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KERA's One Crisis Away project focuses on North Texans living on the financial edge.

Swapping Socials For Service Work: Dallas Baptist Freshmen Hit The Ground Running

Most universities host "move-in weeks" for new students; think orientation sessions, mixers and cookouts. Freshmen at Dallas Baptist University are also expected to commit a full day to community service.

During orientation, or "SWAT week," freshmen have time for fun, figuring out schedules and decorating dorm rooms. When Friday rolls around, though, it's time to leave campus, and get to work.

A Labor Of Love

For hours, students scrub showers with bleach, sweep floors, sort through donated clothes and do load after load of laundry. Towards the end of the afternoon, the 50 or so students volunteering at Cornerstone Baptist Church in South Dallas are beat. But they're happy.

"A lot of us were just sleepy when we got here and then when we walked up it was kind of... it was just like refreshing to see that we were actually impacting something that was so close to us,” says freshman Jacey Harris.

Harris is from Decatur, and says until this volunteer experience, she had no idea how many people in Dallas were living on the financial edge. Cornerstone Baptist does a lot for people in poverty. The church serves meals, has a row of hot showers for folks who have no place to take a bath, and a closet full of clothes in every style and size.

"It's just really awesome to see that they have this place to go to and opens my eyes because back at home, I didn't ever have to worry about something like this. And there are girls my age having to worry about this in this place,” she says.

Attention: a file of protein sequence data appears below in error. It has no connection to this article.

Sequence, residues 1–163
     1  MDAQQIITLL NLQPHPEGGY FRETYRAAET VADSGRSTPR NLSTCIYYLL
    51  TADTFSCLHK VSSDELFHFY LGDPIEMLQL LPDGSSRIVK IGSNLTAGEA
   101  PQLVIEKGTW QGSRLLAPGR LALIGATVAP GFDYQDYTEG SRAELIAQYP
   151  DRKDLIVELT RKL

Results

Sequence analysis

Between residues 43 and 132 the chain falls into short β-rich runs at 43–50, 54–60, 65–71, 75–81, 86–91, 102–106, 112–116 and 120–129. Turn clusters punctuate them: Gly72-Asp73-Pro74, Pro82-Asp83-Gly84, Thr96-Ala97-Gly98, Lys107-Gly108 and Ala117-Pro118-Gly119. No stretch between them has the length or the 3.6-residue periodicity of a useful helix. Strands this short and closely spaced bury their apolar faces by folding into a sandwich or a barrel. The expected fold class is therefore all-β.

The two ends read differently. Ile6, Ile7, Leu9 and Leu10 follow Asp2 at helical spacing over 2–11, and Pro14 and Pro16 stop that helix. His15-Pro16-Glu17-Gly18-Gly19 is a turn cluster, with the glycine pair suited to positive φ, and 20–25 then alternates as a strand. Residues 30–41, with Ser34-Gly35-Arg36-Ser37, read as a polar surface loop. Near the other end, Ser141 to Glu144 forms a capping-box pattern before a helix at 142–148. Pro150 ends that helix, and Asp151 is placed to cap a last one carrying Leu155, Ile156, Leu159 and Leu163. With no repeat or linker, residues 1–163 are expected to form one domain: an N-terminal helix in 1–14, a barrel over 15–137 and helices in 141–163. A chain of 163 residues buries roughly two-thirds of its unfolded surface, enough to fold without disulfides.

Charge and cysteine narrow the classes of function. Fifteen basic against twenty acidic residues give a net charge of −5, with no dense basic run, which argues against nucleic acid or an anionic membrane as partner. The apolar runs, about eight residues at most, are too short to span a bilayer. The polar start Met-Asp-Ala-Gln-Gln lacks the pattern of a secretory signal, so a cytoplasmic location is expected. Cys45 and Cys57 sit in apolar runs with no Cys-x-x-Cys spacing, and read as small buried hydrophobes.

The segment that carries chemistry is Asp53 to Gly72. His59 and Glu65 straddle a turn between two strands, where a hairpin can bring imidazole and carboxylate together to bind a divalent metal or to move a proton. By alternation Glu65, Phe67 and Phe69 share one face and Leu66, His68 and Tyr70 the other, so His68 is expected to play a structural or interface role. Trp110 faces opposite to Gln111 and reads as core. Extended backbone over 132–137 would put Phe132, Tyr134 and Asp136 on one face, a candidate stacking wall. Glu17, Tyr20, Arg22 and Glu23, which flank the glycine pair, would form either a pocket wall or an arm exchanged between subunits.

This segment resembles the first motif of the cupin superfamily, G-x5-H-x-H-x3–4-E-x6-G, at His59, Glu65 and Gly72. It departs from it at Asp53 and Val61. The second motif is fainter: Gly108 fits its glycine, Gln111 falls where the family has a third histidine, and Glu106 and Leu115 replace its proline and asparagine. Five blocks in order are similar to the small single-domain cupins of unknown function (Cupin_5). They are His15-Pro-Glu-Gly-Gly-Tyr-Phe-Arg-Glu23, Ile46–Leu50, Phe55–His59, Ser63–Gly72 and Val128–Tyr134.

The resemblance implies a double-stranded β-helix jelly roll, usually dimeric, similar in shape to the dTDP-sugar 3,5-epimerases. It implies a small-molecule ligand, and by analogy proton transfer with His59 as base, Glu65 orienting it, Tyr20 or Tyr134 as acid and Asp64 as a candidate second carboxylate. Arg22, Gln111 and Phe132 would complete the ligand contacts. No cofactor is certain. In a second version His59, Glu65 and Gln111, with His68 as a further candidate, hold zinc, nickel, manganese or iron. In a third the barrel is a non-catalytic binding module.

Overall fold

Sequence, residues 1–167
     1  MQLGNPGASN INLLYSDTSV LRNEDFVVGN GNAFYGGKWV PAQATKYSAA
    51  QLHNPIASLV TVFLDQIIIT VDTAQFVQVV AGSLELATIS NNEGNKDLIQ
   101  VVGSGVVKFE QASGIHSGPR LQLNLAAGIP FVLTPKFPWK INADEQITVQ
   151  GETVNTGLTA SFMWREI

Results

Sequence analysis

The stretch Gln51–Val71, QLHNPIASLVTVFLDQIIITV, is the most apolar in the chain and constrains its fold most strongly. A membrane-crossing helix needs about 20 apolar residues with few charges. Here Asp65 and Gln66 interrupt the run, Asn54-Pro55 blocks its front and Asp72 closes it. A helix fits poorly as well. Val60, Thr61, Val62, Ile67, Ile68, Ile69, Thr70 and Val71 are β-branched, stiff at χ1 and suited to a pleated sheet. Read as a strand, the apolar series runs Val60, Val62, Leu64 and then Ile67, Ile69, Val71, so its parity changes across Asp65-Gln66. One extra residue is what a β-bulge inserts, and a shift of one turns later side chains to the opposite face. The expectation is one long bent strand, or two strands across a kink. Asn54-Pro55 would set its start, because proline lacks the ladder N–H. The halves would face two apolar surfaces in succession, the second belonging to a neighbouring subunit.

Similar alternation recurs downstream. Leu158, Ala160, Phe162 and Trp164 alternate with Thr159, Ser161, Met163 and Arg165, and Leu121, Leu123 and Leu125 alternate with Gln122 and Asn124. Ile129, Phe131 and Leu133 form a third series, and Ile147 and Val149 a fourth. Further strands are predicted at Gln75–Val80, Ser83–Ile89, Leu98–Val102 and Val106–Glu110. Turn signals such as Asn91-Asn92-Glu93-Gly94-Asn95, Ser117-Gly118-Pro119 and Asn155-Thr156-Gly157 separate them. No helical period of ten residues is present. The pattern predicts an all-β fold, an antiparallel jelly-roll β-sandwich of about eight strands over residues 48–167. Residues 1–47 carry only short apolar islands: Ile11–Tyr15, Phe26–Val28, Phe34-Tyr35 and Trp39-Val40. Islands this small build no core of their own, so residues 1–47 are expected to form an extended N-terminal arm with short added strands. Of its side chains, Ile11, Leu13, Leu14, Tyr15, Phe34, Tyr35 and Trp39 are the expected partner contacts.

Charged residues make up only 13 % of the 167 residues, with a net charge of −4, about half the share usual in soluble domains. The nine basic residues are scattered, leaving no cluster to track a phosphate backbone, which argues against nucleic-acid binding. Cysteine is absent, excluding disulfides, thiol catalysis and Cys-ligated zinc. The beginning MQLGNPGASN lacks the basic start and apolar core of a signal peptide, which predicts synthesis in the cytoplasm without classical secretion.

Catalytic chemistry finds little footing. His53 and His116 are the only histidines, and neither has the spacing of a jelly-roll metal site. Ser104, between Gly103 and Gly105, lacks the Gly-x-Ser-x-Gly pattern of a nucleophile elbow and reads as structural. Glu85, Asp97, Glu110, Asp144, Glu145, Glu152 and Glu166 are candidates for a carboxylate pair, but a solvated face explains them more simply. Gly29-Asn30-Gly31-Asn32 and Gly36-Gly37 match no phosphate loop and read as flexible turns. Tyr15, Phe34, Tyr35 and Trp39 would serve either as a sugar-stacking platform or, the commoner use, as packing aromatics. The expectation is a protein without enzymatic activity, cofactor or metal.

A Tradition

And that's what this day of service is designed to teach.  Dallas Baptist University debuted the new-student-week tradition 26 years ago. This year, 600 freshmen and 200 upperclassmen were deployed all over North Texas. They spent an entire day working in soup kitchens, childcare centers and clothing closets to serve people living in poverty-- people who also happen to live in their own backyard.

Brandon Garcia, a junior, says for him, it's important to consider how much basic amenities like a clean shower mean to someone who's used to going without.

"I never thought this would be something that someone would just be so desperate to have whenever I do this every day. I need to be thankful for what I have and everything that I take for granted,” he says.

As the DBU students work to help people out in the community, they say they're also getting to know each other, in a very real way. Sophomore Haven Stevens says hard work is the great equalizer.

"You are tired together and you may start to see people's weaknesses, but also you really get to see those strengths. Because you get to see those strengths pushing through these hard and tiring moments,” she says.

A Source Of Inspiration

While this day of service may be a requirement for every new student, many find it rewarding, even inspiring.

"It's been really interesting to see. Makes me want to just go out and see more. It's very eye-opening. And also, we're 16 minutes away from campus. All this is going on right outside DBU, and it's so easy to reach out to these people,” says Stevens.

This service work isn't the end for the DBU freshman class. All first year students must clock 18 volunteer hours per semester. Scholarship-holders must log time in the field too. Brandon Garcia says that's a win for everyone involved.

"Serving together forms a bond, especially as followers of Christ. That we would go into our mission field and just be the light in darkness, and get to join arms and just get to grow closer to each other, grow closer to those that we're serving and grow closer to God at the same time,” he says.

Which might explain why after six hours of manual labor at Cornerstone Baptist Church, the students are still on their feet, and smiling.

Courtney Collins has been working as a broadcast journalist since graduating from the Medill School of Journalism at Northwestern University in 2004. Before coming to KERA in 2011, Courtney worked as a reporter for NPR member station WAMU in Washington D.C. While there she covered daily news and reported for the station’s weekly news magazine, Metro Connection.